Expanding On Yesterday’s Article

It may not often appear that way but I actually do try to keep my articles somewhat short. I had another point I wanted to make about the 2020 Democratic presidential primary which I decided would be the basis of today’s article. Also, Tuesday morning one of my “predictions” became reality making my article somewhat obsolete. Let’s explore.

Tuesday I awoke to the announcement that Bernie Sanders had declared. That was not a surprise but it will impact the race; at least the early part. I had expected somebody (most likely Sanders) to have declared on Monday. It was Presidents’ Day, Congress was not in session and Trump was “working” out of Mar-a-Lago so the chances of being overshadowed were slim. Tuesday is much more of a political workday; it is the rollout day for Andrew McCabe’s book which will take up a lot of media time and space. In other words, guaranteed competition for media attention. One of the objectives of an announcement is to dominate at least one news cycle. At any rate, Bernie is in and my article was stale before almost anyone read it.

In the last race for DNC Chair I was silent mainly because I didn’t have a favorite. I knew more about Keith Ellison than I did about Tom Perez but I liked them both. As each week passes I like Perez more and more. He is doing a great job as the structural leader of the Democratic Party. I like that he is investing more in the ground game and data mainly by shifting more resources to the state and local levels than they have seen in decades. The political climate has undoubtedly helped, but the results of the 2017 and 2018 speak for themselves.

Last week he announced the basic plan for handling what will be a challenging problem: the early presidential primary debates. Last cycle we saw the RNC did a terrible job of handling the huge number of early candidates. The undercard-main event format was ridiculous. Most people ended up calling the preliminary the kiddie table and it drew flies both in person and on TV.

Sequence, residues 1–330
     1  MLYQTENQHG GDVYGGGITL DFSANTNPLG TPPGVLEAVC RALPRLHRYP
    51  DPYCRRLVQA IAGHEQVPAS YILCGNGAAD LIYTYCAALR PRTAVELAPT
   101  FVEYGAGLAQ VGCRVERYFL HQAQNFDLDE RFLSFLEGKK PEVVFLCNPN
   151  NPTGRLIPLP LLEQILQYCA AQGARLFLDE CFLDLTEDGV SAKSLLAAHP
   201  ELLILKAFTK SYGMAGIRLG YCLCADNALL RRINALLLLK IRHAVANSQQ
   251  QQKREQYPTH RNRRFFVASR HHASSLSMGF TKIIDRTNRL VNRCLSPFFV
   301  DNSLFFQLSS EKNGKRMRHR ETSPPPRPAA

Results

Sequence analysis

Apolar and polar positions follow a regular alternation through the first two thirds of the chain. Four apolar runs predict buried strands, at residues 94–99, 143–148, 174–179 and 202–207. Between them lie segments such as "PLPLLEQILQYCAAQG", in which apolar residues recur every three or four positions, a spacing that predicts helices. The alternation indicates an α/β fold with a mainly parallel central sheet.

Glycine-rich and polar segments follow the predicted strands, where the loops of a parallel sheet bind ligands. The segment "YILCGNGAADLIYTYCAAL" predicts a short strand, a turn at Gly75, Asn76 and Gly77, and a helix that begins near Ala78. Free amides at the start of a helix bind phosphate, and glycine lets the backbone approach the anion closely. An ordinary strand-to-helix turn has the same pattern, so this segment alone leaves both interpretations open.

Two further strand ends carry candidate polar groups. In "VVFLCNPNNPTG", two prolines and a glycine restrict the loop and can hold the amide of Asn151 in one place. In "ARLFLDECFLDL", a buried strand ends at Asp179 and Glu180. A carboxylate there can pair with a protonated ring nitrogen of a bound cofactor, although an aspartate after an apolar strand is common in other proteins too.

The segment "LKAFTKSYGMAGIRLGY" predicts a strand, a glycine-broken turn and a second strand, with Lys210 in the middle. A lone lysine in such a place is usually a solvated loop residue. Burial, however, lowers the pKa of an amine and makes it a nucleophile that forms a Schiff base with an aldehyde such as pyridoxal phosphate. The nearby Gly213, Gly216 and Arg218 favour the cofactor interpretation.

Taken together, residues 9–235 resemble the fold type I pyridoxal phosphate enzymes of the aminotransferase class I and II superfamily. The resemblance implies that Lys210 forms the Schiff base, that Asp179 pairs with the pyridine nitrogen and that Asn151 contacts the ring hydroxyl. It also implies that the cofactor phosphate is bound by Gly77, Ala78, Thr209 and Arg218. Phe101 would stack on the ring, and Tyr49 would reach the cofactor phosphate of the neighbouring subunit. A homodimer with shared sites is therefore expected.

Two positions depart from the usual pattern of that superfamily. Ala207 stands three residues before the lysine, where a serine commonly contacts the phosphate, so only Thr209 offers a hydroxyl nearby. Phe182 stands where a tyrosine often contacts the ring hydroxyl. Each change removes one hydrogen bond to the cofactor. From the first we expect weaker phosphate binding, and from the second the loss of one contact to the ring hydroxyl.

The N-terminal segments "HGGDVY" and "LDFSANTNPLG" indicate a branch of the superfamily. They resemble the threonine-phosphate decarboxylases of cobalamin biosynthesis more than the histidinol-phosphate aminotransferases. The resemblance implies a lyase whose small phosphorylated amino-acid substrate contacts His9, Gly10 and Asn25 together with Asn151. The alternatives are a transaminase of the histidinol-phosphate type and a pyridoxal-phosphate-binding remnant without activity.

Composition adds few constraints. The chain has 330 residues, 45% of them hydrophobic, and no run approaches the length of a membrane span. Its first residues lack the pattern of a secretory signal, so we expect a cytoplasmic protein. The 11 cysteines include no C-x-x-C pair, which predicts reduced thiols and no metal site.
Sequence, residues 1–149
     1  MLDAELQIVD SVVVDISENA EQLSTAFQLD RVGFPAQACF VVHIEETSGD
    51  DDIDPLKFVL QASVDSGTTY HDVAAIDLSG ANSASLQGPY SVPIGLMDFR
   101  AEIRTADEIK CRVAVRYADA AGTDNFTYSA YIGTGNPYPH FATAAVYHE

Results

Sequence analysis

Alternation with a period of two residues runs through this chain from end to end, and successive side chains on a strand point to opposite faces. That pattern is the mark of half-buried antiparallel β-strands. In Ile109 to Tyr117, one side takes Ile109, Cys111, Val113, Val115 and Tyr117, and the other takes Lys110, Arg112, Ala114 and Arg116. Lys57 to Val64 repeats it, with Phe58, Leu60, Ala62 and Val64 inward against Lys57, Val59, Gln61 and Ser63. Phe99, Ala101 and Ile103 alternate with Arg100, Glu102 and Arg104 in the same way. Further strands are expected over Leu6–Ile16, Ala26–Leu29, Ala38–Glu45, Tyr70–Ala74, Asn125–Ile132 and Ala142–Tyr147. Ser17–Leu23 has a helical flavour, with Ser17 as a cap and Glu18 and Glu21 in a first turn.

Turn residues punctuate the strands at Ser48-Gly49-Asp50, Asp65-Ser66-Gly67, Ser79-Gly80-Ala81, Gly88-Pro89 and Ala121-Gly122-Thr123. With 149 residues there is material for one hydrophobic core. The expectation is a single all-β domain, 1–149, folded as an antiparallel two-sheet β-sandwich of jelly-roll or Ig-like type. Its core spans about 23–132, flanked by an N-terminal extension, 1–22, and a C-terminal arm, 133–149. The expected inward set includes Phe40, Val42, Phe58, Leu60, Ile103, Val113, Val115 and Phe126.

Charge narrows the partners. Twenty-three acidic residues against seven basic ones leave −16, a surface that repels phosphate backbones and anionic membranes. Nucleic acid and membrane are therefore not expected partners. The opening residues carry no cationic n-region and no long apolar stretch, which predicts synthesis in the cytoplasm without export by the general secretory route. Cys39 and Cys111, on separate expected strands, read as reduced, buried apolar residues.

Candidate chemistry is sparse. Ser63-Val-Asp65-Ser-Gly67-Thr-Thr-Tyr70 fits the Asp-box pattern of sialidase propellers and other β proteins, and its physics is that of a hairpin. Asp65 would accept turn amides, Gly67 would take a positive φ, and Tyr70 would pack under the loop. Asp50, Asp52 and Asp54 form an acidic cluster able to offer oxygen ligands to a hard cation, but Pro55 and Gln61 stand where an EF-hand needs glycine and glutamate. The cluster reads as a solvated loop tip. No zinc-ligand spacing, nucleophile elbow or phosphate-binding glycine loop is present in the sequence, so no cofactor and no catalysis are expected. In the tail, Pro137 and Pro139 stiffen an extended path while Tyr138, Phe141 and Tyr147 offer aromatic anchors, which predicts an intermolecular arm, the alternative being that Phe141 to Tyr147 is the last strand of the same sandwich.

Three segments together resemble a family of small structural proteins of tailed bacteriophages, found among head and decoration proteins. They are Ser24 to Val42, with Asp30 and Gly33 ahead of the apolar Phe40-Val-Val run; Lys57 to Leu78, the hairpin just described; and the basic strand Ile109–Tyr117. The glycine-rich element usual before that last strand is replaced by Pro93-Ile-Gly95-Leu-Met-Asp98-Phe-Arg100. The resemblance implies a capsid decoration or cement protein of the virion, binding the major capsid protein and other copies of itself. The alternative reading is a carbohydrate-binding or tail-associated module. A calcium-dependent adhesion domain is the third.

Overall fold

It appears that Perez may even have more participants to juggle than Reince Priebus did in 2016. There is a very good chance that there will be over 20 candidates when the 2020 Democratic debates commence in June of 2019. That is a challenge and it appears Perez came up with a solution that will be as fair as possible under challenging circumstances.

First off there will be no kiddie table. The debates will be open to a maximum of 20 participants. There are two ways to qualify. The first is to poll more than 1% in at least 3 polls deemed legitimate by the DNC. The second is to have received 65,000 donations with at least 200 coming from 20 different states. This means anybody who has support or can demonstrate grass roots fundraising ability gets into the game. If a candidate can’t hit either of those thresholds how can they claim to have a legitimate shot at winning the presidency?

Note it is not both; it is an either-or situation. There is also no dollar amount; it is simply the number of unique contributors. If you have any measure of national support you are in. Especially in the early stages, there is a possibility of more than 20 candidates meeting one of the thresholds, but if you can’t make the top 20 do you really have a chance of winning in November of 2020?

When it comes to selecting the pairings for the groups of 10 (or 9 or 8 etc.) it will be by a blind drawing. While you may not see the matchup you desire, each “heat” will have top tier candidates. Also a less well known candidate will get a chance to be seen with the likes of a Kamala Harris or Bernie Sanders,

The first debates are scheduled for June and will be hosted and telecast by NBC, MSNBC and Telemundo. They will run on consecutive nights. That is as fair as can be under these circumstances and will eliminate the kiddie table.

Besides being as fair as possible to the candidates, much more importantly it will be fair to the American people. The Democrats have an abundance of talent and don’t feel the need to hide any crazy “uncles or aunts.”

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